Please use this identifier to cite or link to this item: https://doi.org/10.1016/j.enbuild.2012.06.005
Title: Solar heat gain coefficient measurement of semi-transparent photovoltaic modules with indoor calorimetric hot box and solar simulator
Authors: Chen, F.
Wittkopf, S.K. 
Khai Ng, P.
Du, H.
Keywords: Calorimetric hot box
Semi-transparent photovoltaic glazing
Solar heat gain coefficient measurement
Solar simulator
Issue Date: 2012
Citation: Chen, F., Wittkopf, S.K., Khai Ng, P., Du, H. (2012). Solar heat gain coefficient measurement of semi-transparent photovoltaic modules with indoor calorimetric hot box and solar simulator. Energy and Buildings 53 : 74-84. ScholarBank@NUS Repository. https://doi.org/10.1016/j.enbuild.2012.06.005
Abstract: In tropical Singapore, buildings receive a high amount of solar radiation. Windows should therefore consist of solar control glazing with a low solar heat gain coefficient (SHGC) and high visible light transmittance to reduce the energy consumption for air-conditioning and electrical lighting respectively. Due to the rising demand for on-site electricity generation, photovoltaic modules are increasingly used in buildings, initially as roof-top systems, but in recent years there are also semi-transparent photovoltaic (STPV) being integrated into the faade or overhead glazing. However, their SHGC is usually not reported, potentially preventing STPV from widespread adoption. The paper presents measurements and novel presentations of SHGC for selected thin-film STPV glazing. It introduces SERIS' indoor calorimetric hot box and solar simulator including a documentation of environmental conditions and calibrations. A sensitivity analysis concluded that the SHGC measurement is mainly sensitive to the spectrum of the solar simulator and reflection properties of the absorber plate. A correction factor was introduced and the measured results compare well with simulations. In addition, SHGC values for selected STPV are presented as (a) angular dependent and (b) load dependent. The results show that the SHGC is sensitive to the incident angle of solar radiation. Particularly for incident angles above 45°, which would be typical for facades in the tropics, the SHGC reduces significantly, compared to the default at 0°. The SHGC reduces only marginally when an electrical load is connected. Higher PV efficiencies would result in more energy being converted into electricity and not into re-radiating heat and therefore producing a lower SHGC. © 2012 Elsevier B.V.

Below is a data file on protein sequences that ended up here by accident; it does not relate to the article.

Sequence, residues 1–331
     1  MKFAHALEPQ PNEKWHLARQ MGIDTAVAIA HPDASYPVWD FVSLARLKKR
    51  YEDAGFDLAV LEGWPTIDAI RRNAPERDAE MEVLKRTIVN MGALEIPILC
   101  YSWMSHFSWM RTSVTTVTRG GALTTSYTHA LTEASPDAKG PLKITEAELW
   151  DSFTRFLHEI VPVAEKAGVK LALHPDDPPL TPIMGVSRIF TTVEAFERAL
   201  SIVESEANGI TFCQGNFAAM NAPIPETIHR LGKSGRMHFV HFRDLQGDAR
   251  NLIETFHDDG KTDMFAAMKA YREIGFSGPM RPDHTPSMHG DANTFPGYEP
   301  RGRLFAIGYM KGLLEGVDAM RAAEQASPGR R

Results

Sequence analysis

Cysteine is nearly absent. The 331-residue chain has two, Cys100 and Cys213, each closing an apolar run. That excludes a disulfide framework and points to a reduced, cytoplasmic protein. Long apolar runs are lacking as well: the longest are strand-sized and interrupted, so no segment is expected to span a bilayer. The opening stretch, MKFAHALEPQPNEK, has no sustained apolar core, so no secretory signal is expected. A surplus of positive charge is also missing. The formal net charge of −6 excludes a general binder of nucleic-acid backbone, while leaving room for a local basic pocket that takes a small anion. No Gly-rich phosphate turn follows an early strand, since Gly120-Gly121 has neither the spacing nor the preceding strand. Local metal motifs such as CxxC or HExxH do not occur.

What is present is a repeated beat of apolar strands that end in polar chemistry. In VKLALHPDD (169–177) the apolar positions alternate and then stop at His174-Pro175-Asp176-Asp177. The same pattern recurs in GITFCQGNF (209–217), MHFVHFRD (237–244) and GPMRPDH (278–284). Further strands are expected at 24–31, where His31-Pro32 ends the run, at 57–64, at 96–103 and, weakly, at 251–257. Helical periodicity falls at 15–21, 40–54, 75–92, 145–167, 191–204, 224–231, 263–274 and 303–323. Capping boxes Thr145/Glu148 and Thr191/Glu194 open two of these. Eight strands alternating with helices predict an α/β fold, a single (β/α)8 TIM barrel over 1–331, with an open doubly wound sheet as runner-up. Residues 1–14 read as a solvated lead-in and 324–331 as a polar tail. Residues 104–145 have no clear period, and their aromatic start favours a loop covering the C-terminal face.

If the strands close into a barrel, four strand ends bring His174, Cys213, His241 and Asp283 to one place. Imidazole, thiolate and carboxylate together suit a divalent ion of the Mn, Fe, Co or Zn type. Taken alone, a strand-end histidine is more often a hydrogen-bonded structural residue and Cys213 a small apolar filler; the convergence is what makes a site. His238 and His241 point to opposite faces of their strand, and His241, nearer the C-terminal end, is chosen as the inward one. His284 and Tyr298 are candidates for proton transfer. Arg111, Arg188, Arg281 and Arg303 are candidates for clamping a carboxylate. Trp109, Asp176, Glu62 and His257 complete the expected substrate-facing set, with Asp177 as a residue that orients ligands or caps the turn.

Source Title: Energy and Buildings
URI: http://scholarbank.nus.edu.sg/handle/10635/45462
ISSN: 03787788
DOI: 10.1016/j.enbuild.2012.06.005
Appears in Collections:Staff Publications

Show full item record
Files in This Item:
There are no files associated with this item.

SCOPUSTM   
Citations

41
checked on Dec 18, 2018

WEB OF SCIENCETM
Citations

34
checked on Dec 18, 2018

Page view(s)

224
checked on Dec 8, 2018

Google ScholarTM

Check

Altmetric


Items in DSpace are protected by copyright, with all rights reserved, unless otherwise indicated.